Highway 101 plan moves forward

The much-anticipated Highway 101 streetscape master plan took a significant step forward Feb. 25 when the City Council approved $350,000 for preliminary engineering of the project many consider vital to revitalize the economic engine of the small city.

Conceptual design plans to improve walkability, parking and slow traffic along the 101 were completed in 2006.

Nasland Engineering will now pick up where those plans left off, conducting the necessary studies to determine which design features are physically feasible. By mid-September, they will have the engineering details needed to draw final construction plans.

“This is the next step in the vision to make it become a reality,” said Mayor Mike Nichols, who helped design the conceptual plans in his professional capacity as a landscape architect before being elected to the council.

Three community workshops will be held in the fall and winter to discuss Nasland’s findings and possible alternatives, with final plans presented to the city council in February 2010.

“We are very committed to this,” said council member Lesa Heebner. “I can’t wait to get this information to see how the design changes.”

The work is funded by the majority of the city’s $400,000 allocation of Proposition 1B funds, which was approved by California voters in 2006 and must be spent on streets and roads.

Once the plans are finalized, the council will provide direction on how to proceed with the project. Money has been set aside for the improvements.

City Manager David Ott identified $1.4 million in specialized funds that must be spent on transportation projects or along the 101, including TransNet and the city’s Redevelopment Agency.

However, not all city projects are looking quite so rosy.

“No General Fund capital improvement projects are funded for next year,” Ott said, referring to the city’s primary operating budget. “We simply don’t have the money to do all the projects.”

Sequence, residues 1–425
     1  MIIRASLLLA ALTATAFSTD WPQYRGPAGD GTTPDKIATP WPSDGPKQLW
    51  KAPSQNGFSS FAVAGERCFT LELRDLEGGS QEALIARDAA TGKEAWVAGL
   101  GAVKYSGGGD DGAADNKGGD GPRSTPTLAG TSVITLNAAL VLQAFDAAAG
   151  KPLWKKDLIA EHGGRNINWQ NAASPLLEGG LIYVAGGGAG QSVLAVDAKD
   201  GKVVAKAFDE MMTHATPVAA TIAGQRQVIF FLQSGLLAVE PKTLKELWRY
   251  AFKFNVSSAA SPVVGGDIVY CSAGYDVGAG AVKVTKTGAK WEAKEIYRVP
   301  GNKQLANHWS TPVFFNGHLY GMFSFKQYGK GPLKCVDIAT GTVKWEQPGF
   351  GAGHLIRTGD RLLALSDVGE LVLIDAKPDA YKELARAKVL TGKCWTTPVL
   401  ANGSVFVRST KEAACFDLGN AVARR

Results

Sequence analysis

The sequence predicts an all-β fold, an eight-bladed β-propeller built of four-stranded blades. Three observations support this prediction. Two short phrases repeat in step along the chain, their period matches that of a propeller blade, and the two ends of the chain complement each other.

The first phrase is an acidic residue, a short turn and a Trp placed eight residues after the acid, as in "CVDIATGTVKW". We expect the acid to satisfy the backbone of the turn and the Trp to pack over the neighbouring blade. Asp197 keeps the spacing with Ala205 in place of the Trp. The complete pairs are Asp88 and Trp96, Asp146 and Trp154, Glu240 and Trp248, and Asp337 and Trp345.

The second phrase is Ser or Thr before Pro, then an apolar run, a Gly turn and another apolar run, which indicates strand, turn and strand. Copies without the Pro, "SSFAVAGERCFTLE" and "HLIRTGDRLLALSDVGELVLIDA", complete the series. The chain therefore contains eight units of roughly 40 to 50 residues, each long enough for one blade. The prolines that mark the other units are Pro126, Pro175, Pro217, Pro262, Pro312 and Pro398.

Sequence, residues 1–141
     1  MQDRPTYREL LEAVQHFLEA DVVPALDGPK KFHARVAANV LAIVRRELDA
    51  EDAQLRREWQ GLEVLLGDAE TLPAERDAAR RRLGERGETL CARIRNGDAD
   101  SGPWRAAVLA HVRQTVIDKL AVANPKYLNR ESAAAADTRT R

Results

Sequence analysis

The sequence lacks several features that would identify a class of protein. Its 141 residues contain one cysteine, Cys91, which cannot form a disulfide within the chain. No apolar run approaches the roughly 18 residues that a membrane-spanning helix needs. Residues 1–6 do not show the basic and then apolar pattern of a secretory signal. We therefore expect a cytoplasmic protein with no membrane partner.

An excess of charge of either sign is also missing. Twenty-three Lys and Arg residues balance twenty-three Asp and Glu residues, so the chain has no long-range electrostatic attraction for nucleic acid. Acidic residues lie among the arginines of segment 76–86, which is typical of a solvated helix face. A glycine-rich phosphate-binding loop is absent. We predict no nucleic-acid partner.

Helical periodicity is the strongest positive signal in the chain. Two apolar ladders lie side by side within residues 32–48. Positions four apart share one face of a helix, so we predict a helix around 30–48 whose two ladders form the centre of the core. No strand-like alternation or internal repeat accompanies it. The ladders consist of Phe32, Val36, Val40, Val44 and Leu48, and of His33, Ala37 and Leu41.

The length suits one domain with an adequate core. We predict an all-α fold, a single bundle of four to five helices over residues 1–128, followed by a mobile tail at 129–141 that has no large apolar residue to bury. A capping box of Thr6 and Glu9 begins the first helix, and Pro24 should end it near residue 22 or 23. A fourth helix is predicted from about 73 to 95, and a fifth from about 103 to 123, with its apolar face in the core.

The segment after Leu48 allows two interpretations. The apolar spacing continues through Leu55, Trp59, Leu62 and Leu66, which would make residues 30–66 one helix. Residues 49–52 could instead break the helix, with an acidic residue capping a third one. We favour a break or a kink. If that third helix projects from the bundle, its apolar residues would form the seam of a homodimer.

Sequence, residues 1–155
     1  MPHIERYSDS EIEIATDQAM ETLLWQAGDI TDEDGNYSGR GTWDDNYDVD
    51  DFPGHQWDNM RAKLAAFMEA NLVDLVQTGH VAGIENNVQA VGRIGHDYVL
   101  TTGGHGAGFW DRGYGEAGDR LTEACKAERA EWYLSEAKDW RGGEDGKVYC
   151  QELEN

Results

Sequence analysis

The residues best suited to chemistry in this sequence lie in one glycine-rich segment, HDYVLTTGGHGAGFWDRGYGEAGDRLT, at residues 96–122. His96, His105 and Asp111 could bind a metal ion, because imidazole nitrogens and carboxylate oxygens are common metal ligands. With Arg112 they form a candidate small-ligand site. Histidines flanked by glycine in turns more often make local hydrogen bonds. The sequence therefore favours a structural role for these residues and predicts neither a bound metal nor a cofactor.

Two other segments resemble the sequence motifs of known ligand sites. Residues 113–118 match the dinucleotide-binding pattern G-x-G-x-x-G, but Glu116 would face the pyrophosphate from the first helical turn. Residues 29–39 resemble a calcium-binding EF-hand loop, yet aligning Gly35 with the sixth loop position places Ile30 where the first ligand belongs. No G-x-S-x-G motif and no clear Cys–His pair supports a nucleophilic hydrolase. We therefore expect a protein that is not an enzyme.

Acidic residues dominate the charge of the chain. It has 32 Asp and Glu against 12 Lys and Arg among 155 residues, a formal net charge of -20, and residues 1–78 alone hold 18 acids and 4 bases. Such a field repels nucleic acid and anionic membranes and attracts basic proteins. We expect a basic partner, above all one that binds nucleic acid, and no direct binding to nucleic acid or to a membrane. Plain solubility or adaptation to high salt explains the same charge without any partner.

That includes expanding city hall and replacing its outdated heating and air conditioning system, repairing the lifeguard station’s roof and numerous wheelchair accessibility improvements, to name a few.

One of most significant projects that remains unfunded for fiscal year 2009-2010 is updating the city’s general plan, which is required by law and was estimated to cost close to $500,000.

Ott said the city may focus on updating at least the housing element in the coming year and finish to the rest when funds become available.

“We can’t keep pushing that off,” he said.

The local coastal program is another critical planning document that has been in the works for years and it is unknown where funding will come from to complete and implement it, Ott said.

Projects currently underway, including the Eden Garden sewer pump station, will continue as scheduled.

And some items, such as street repairs, will continue to be funded by restricted revenue sources like the gas tax and TransNet.

At budget workshops later this spring, city staff will work with the city council to determine what projects and services should take priority and whether or not to dip into reserve funds.

“We have to provide services, maintain our existing infrastructure, meet state and federal requirements,” Ott said. “That’s going to be our challenge to find money to do that.”